DraftKings, FanDuel Cheating Scandal: Fantasy Sports Gets Hit With Federal, State Inquiries

DraftKings and FanDuel, the two biggest companies in the daily fantasy sports industry, are caught up in a growing “insider trading” scandal, which started with the employee of one firm winning $350,000 by betting with the other firm using information not normally known to the public. With these privacy and transparency issues, more and more people are looking for the Best Fanduels Alternative that will value their users rather than abuse their power like DraftKings and FanDuel.

The cheating scandal is the first big stain on the super-hot, $3 billion business of fantasy sports, which has fueled a sweeping wave of TV commercials during the first few weeks of the National Football League season.

Both DraftKings and FanDuel say they have now banned employees from playing fantasy games for money after claims surfaced that workers used insider information to place their own bets. The two companies, along with the Fantasy Sports Trade Association, said in a statement Tuesday that the ban would be in effect until a detailed industry policy on data access is established. Perhaps people looking for alternative sportsbooks could consider something like this Oddsmonkey Review instead as a way of making a wager on their favorite games.

But the pledge hasn’t stopped increased scrutiny this week by authorities and lawmakers prompted by the media reports of betting by the firms’ employees.

Two U.S. lawmakers from New Jersey on Tuesday asked the Federal Trade Commission to study the possibility of setting rules for daily fantasy sports sites. U.S. Sen. Robert Menendez and U.S. Rep. Frank Pallone Jr., both Democrats, asked FTC Chairwoman Edith Ramirez whether the commission could regulate daily fantasy sports — and how fast could oversight begin if the agency deems that it can move forward.

The fantasy sports controversy has also spurred an inquiry by New York Attorney General Eric Schneiderman into the internal operations of both DraftKings and FanDuel.

In letters that Schneiderman’s office says it sent to FanDuel CEO Nigel Eccles and DraftKings CEO Jason Robins, Schneiderman seeks names and titles of employees who compile player data, set roster values, deal with ownership percentages for pending and historical contests, and aggregate the success of players who play on their sites, according to ESPN.

According to the New York Times: “Last week, a DraftKings employee admitted to inadvertently releasing data before the start of the third week of N.F.L. games, a move akin to insider trading in the stock market. The employee – a midlevel content manager – won $350,000 at rival site FanDuel that same week.”

“Access to this kind of data prior to the start of a contest would provide a DFS player with a massive edge over players lacking such data,” writes Chris Grove at LegalSportsReport.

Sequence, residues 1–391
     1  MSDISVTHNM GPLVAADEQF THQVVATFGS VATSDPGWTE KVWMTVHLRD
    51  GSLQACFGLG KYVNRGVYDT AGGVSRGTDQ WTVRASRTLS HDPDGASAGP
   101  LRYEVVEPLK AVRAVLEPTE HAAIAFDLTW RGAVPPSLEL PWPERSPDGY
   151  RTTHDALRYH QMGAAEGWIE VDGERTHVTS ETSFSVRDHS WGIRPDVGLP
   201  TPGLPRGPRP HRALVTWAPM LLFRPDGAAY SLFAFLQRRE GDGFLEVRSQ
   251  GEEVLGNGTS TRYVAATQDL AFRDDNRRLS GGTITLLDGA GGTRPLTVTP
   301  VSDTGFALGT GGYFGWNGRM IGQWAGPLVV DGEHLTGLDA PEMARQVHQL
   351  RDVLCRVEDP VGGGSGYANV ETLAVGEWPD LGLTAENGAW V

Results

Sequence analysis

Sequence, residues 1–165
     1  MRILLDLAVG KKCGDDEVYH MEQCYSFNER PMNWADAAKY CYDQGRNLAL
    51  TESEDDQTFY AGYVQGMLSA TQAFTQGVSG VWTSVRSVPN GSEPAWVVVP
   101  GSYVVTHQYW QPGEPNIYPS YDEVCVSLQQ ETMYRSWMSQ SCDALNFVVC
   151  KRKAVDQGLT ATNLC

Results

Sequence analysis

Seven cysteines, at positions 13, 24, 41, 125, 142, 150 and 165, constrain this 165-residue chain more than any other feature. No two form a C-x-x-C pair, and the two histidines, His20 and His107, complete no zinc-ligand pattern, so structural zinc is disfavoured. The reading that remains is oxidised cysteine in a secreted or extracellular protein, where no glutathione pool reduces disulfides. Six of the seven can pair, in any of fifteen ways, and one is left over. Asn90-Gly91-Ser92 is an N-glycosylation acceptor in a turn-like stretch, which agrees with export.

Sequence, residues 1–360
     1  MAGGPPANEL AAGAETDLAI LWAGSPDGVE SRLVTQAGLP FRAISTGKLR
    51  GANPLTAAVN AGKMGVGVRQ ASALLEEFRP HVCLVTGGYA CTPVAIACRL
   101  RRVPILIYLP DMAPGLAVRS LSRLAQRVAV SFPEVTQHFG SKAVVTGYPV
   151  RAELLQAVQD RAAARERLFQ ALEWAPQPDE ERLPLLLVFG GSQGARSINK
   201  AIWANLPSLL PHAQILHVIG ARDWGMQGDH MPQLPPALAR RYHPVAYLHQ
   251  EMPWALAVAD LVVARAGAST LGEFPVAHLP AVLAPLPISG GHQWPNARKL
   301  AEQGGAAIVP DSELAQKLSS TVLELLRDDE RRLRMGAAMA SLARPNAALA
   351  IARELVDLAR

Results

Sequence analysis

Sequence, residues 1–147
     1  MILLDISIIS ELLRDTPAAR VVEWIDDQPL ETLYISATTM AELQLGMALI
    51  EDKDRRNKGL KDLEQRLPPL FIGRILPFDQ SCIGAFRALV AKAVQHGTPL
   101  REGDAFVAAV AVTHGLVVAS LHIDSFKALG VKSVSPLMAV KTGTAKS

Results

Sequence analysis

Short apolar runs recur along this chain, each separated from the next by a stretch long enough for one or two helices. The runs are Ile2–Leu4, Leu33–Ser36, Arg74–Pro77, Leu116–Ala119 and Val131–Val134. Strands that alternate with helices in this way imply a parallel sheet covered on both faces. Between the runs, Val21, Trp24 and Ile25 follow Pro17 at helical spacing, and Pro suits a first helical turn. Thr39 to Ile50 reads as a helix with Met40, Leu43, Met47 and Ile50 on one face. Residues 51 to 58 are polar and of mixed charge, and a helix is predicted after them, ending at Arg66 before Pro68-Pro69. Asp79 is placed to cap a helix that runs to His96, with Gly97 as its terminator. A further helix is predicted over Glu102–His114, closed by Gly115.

In another startling revelation. Darren Rovell, from ESPN’s “Outside the Lines,” reported that a FanDuel spokesperson had provided data on how much money DraftKings employees had won at FanDuel.

“Their data shows that Draft Kings employees have won 0.3% of the money [won at at the site],” Rovell said. “FanDuel has given out in prizes, close to $2 billion, according to my calculations.”

If DraftKings employees have indeed won 0.3% of nearly $2 billion, that would come to nearly $6 million won. Rovell put the number at “less than $10 million.”

In fantasy sports, fans choose from real players in a draft or an online selection process to assemble a fantasy team. Some people decide to use sports betting online services to bet on those fancy teams or the real teams to increase the stakes in the matches they watch. This can add a lot of entertainment to the matches for most players who enjoy fantasy sports. The players’ real-game statistics are compiled and compared to determine which fantasy team has done the best. The data the DraftKings employee supposedly used was the percentage of fans who had chosen certain players. Such inside information could give a fantasy player a leg up.

The Times quotes analyst Eilers Research, which estimates that the daily fantasy sports firms will generate $2.6 billion in entry fees in 2015 and climb to over $14 billion in 2020.

Online gambling is illegal in most US states, but for those that live in a legal state, there is a huge list of sites that could be used to gamble online. However, fantasy sports sites are legal because they’re considered games of skill instead of luck — according to a 2006 federal law. However, a New Jersey congressman wants a hearing to reconsider the relationship between fantasy sports and gambling. So this cheating scandal has the potential derailing the multimillion-dollar markting campaigns by both DraftKings and FanDuel.

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